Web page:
ALDRIDGE, William Thomas, Warrant Officer (524776) – Parachute Training School, Ringway – Parachute Training School, Ringway – Air Force Medal – awarded as per London Gazette dated 1 September 1944. He had made 70 descents. Information from Spink catalogue of 25 July 2013. The recommendation states:

‘Flight Sergeant Aldridge has served as an instructor with the Parachute Training School for two years and proved himself to be a first class teacher who instills great confidence into his pupils. Prior to the invasions of Normandy, this airman was attached to the 6th Airborne Division to assist in the final training of the airborne troops. He frequently accompanied them on their exercises and, during the invasion, flew as a despatcher with the airborne troops. His courage and efficiency have contributed much to the building up of confidence and morale among airborne troops’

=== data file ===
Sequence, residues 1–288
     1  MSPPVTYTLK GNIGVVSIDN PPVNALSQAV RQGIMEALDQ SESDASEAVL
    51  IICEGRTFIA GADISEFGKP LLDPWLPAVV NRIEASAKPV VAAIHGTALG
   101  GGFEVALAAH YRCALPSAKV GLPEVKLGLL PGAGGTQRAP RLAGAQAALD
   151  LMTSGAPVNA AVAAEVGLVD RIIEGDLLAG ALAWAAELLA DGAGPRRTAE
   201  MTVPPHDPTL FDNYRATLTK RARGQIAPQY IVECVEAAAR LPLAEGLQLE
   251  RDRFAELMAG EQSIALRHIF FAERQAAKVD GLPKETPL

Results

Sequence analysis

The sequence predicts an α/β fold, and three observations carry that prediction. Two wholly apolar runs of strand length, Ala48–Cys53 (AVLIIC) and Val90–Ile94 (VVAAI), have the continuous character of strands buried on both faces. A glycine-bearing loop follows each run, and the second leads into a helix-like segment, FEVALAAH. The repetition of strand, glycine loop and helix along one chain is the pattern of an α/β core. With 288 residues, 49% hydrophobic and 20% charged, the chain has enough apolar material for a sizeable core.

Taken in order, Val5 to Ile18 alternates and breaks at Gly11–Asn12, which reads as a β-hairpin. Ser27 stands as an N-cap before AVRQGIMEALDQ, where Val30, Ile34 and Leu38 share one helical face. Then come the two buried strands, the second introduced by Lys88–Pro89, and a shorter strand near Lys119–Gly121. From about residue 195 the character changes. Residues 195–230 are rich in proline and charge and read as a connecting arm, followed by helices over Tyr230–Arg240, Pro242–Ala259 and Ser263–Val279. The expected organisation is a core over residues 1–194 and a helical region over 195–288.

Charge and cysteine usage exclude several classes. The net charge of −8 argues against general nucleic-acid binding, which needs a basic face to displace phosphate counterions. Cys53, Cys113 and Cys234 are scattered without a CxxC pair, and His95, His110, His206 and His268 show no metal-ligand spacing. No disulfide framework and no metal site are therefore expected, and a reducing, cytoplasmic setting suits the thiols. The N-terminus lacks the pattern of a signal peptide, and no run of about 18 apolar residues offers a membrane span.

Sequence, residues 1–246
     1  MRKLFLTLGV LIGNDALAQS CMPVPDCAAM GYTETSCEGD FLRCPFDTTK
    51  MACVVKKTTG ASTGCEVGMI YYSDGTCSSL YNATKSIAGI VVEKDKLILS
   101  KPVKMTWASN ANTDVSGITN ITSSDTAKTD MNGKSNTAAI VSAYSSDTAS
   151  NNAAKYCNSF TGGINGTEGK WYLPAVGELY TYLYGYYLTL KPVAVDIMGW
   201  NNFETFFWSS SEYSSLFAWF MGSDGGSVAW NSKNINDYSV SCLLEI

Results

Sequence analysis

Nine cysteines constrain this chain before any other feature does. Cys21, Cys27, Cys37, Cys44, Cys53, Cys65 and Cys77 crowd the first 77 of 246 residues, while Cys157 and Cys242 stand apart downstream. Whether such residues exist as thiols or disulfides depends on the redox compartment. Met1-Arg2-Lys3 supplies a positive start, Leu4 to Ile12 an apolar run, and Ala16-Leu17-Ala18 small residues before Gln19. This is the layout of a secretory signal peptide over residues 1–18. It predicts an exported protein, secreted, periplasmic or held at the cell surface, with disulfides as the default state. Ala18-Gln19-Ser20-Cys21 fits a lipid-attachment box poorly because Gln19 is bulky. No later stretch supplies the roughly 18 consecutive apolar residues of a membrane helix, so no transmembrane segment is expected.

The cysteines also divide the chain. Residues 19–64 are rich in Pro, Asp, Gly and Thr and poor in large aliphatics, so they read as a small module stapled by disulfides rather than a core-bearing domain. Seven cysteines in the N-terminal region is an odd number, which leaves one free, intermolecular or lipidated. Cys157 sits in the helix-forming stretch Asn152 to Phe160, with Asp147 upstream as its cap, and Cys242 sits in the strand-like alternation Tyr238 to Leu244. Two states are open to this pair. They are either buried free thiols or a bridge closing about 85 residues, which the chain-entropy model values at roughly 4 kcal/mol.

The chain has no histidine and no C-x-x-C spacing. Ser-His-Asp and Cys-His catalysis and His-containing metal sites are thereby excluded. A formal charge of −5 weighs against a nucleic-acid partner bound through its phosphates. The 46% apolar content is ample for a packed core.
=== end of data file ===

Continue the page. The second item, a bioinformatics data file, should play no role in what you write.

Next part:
524776 Warrant William Thomas Aldridge, A.F.M., a native of Wolverhampton; joined the Royal Air Force for service during the Second War, and commenced training as a Parachute Jump Instructor in ‘B’ Squadron, Parachute Training Squadron, Ringway, Manchester; he made his first parachute descent, 5.7.1942; qualified as Flight Sergeant, Parachute Jump Instructor, 27.7.1942; and over the coming months made demonstration, training, container and night descents, air experience flights and despatched trainee parachutists from balloons, Whitley and Harrow aircraft at 500-800 feet; he jumped with both ‘old’ and ‘new’ parachute packs from Whitely floor and rear gunner exits; in late 1942, he trained Belgian, Czech and Polish paratroopers at Ringway; by the end of that year, he had completed 21 descents and over 36 flying hours; throughout 1943, he continued instructing troops, including No. 12 Commando, Combined Ops, Canadians, Norwegians and Free French soldiers; on 10.2.1943, he made an experimental jump in a 20-man stick from a US Army Air Force Douglas Dakota, and on 3.12.1943, he jumped as 6th man in the first experimental jump with kit-bags; by the end of the year, he had completed 62 descents and over 100 flying hours; posted to Bulford in the first week of January 1944 to train parachutists of 6th Airborne Division in preparation for the D-Day Operations; on the 8th- 14th January, he ran a balloon programme, when the following occurred, ‘the powerful influence of an experienced and determined instructor is illustrated by a report which I received concerning Flight Sergeant Aldridge: